In a Google Browse Workplace Hours video, Googler Lizzi Sassman responded to a concern about thin material, clarifying a common misperception about what thin material truly is.
The word thin ways lacking density or width.
So when we hear the term “thin content” it’s not uncommon to think of thin content as a webpage with very little content on it.
The real definition of thin content is more along the lines of material that does not have any added value.
Examples are a cookie cutter page that barely varies from other pages, and even a website that is copied from a seller or maker with absolutely nothing extra added to it.
Google’s Product Evaluation Update extracts, among other things, thin pages consisting of evaluation pages that are only product summaries.
The hallmark qualities of thin pages is that they lack originality, are barely various from other pages and/or do not provide any specific added worth.
Entrance pages are a form of thin content. These are websites created to rank for particular keywords. An example can be pages developed to rank for a keyword expression and different city names, where all the pages are practically the exact same except for the names of the cities.
Are Brief Articles Thin Content?
The individual asking the concern wanted to know if splitting up a long short article into shorter articles would lead to thin material.
This is the question asked:
“Would it be considered thin content if an article covering a lengthy topic was broken down into smaller short articles and interlinked?”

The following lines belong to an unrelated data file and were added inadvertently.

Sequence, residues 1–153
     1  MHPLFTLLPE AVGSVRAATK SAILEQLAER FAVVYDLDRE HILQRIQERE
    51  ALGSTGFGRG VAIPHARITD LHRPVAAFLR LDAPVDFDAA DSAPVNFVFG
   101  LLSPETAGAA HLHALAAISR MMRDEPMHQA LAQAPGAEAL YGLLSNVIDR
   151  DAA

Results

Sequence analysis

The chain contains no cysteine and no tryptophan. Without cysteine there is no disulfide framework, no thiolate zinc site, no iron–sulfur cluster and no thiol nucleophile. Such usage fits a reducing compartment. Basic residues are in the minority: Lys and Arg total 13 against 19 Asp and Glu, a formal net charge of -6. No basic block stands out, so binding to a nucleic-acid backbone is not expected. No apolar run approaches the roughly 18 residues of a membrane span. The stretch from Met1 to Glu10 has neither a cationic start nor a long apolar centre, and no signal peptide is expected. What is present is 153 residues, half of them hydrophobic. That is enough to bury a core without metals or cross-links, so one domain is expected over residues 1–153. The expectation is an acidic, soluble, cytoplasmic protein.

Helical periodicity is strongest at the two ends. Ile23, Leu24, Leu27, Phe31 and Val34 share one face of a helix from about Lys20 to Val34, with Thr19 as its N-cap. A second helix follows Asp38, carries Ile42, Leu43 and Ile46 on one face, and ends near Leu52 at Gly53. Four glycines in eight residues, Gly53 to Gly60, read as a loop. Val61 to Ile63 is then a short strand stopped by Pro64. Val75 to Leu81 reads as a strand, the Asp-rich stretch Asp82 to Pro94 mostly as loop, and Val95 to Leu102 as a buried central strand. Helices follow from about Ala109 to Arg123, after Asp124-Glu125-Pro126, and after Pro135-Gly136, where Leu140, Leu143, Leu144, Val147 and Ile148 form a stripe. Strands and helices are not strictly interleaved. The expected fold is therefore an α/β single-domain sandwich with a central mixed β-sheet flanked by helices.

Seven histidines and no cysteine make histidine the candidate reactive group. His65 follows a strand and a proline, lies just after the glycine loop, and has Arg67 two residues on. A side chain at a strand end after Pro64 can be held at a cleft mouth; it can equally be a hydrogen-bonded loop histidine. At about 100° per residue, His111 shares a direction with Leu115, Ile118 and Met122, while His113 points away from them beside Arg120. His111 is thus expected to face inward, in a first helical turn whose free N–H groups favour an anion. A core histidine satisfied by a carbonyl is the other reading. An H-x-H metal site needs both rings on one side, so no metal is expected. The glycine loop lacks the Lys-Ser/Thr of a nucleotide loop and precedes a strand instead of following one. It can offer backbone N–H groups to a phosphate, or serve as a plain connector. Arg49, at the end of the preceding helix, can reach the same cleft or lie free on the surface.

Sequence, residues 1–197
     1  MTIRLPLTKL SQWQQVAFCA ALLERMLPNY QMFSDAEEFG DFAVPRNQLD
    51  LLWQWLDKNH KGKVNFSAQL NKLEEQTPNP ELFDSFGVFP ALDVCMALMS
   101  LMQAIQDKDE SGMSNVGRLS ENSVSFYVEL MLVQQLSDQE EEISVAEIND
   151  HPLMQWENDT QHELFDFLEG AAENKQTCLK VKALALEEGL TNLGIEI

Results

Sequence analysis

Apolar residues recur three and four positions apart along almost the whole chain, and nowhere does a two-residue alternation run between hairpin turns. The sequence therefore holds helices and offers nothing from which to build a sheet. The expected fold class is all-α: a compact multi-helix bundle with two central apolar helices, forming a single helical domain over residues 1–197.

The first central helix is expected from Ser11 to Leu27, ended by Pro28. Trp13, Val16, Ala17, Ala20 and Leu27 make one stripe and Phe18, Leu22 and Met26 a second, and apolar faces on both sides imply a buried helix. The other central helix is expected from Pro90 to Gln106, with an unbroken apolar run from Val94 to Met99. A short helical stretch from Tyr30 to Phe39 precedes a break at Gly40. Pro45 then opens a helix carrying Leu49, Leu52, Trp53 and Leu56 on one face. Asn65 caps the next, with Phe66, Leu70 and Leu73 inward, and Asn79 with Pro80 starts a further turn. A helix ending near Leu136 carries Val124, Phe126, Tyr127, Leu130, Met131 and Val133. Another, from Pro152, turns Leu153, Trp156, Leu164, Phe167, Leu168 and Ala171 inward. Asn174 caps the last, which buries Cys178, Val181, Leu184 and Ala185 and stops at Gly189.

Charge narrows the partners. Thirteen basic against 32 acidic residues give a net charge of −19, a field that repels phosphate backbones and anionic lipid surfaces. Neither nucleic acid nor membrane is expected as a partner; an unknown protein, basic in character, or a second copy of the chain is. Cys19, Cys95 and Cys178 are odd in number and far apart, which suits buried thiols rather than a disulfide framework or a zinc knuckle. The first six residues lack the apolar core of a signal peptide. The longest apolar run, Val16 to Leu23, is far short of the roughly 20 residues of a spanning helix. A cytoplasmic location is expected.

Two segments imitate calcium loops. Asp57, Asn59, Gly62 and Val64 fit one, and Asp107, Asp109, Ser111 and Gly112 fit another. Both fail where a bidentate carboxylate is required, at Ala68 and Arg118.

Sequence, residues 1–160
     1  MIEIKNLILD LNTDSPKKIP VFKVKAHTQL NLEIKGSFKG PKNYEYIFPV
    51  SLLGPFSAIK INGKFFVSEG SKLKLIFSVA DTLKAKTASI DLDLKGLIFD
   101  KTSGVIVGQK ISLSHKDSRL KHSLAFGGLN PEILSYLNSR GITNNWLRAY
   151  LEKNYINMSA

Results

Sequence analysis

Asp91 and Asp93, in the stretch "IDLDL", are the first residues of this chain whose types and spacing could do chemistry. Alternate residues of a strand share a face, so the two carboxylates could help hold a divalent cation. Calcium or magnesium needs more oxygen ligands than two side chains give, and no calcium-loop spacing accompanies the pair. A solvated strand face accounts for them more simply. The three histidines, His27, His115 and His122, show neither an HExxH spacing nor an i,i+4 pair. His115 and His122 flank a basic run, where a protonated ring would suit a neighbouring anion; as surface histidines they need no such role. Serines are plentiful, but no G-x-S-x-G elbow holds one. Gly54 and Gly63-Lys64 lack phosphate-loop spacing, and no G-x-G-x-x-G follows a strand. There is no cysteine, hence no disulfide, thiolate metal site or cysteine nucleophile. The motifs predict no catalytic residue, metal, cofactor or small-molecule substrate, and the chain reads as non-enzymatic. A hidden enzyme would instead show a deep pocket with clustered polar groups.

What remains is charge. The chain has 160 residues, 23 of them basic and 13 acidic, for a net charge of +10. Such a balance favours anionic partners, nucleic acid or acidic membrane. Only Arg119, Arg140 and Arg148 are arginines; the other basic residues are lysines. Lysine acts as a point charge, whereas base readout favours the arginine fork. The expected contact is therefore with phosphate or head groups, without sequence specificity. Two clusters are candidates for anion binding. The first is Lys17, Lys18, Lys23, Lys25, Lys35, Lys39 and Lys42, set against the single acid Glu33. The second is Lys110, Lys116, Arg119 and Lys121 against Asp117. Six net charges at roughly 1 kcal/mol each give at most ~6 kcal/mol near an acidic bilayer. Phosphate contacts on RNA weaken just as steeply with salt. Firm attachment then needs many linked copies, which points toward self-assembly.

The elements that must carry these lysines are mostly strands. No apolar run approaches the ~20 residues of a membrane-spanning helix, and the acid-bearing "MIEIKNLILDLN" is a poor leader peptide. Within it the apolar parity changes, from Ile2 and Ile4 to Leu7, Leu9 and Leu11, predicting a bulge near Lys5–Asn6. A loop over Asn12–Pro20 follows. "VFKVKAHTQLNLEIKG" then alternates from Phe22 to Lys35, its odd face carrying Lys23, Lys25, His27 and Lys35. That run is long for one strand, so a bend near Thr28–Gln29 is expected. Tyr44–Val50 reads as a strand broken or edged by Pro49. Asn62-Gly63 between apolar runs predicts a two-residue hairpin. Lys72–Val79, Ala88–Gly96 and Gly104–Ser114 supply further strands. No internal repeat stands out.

Lizzi Sassman responded to:
“Well, it’s tough to know without looking at that content.
However word count alone is not indicative of thin content.
These are 2 completely genuine methods: it can be good to have a thorough article that deeply checks out a topic, and it can be similarly simply as great to break it up into simpler to comprehend subjects.
It really depends on the subject and the content on that page, and you understand your audience best.
So I would focus on what’s most useful to your users which you’re offering sufficient value on each page for whatever the subject may be.”
Splitting a Long Short Article Into Multiple Pages
What the individual asking the question may have been asking is if was all right to split one prolonged subject across several pages that are interlinked, which is called pagination.
With pagination, a site visitor clicks to the next page to keep checking out the material.
The Googler presumed that the person asking the concern was splitting a long article into shorter short articles committed to the numerous topics that the prolonged short article covered.
The non-live nature of Google’s new version of SEO office-hours didn’t enable the Googler to ask a follow-up concern to confirm if she was understanding the concern properly.
In any case, pagination is a great way to break up a prolonged article.
Google Browse Central has a page about pagination best practices.
Featured image by Best SMM Panel/Asier Romero
Listen to the Google SEO Workplace Hours video at the 12:05 minute mark